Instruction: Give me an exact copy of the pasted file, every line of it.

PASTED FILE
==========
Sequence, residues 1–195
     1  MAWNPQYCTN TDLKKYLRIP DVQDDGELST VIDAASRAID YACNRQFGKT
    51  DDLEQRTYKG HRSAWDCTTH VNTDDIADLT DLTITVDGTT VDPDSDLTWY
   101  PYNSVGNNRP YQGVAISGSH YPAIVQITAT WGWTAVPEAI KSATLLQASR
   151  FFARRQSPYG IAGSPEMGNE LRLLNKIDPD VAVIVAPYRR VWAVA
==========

Sequence, residues 1–195
     1  MAWNPQYCTN TDLKKYLRIP DVQDDGELST VIDAASRAID YACNRQFGKT
    51  DDLEQRTYKG HRSAWDCTTH VNTDDIADLT DLTITVDGTT VDPDSDLTWY
   101  PYNSVGNNRP YQGVAISGSH YPAIVQITAT WGWTAVPEAI KSATLLQASR
   151  FFARRQSPYG IAGSPEMGNE LRLLNKIDPD VAVIVAPYRR VWAVA